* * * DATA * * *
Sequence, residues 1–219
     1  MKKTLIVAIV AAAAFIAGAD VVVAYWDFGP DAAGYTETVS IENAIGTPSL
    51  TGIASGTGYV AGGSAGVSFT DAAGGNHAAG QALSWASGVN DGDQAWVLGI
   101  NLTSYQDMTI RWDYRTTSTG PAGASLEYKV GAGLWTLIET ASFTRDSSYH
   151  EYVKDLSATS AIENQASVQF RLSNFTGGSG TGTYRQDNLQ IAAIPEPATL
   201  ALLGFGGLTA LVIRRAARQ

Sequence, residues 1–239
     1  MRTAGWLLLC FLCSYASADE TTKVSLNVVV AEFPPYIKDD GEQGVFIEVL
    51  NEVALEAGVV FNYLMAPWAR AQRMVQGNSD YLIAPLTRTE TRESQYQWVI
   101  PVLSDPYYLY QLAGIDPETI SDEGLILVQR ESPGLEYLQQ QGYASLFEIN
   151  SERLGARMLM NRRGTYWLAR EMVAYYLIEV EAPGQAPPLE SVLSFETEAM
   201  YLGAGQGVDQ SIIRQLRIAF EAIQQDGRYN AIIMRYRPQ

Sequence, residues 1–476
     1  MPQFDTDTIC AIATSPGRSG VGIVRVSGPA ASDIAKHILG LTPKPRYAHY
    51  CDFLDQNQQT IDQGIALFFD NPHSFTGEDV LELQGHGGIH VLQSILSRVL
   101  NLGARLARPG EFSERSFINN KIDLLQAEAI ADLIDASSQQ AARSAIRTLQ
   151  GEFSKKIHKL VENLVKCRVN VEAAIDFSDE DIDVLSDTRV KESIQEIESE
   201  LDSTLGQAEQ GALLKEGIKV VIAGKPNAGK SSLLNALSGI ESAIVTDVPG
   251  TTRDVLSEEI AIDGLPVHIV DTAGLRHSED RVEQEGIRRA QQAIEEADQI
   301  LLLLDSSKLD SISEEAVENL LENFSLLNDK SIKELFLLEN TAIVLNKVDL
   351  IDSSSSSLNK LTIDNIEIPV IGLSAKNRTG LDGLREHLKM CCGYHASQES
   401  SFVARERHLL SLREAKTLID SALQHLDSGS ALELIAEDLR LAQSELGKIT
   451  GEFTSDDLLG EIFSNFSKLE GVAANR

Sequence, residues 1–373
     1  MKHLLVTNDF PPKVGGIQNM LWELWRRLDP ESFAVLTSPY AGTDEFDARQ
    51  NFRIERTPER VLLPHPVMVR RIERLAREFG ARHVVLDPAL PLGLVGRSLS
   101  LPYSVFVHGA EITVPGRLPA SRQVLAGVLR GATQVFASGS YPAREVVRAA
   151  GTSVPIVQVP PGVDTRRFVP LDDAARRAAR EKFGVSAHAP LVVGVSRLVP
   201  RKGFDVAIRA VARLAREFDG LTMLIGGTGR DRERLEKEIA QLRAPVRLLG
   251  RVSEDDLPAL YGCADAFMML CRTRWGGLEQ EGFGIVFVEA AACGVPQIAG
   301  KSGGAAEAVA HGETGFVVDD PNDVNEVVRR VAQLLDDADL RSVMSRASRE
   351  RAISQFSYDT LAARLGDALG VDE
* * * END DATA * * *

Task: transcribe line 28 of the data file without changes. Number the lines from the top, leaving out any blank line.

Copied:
   151  GTSVPIVQVP PGVDTRRFVP LDDAARRAAR EKFGVSAHAP LVVGVSRLVP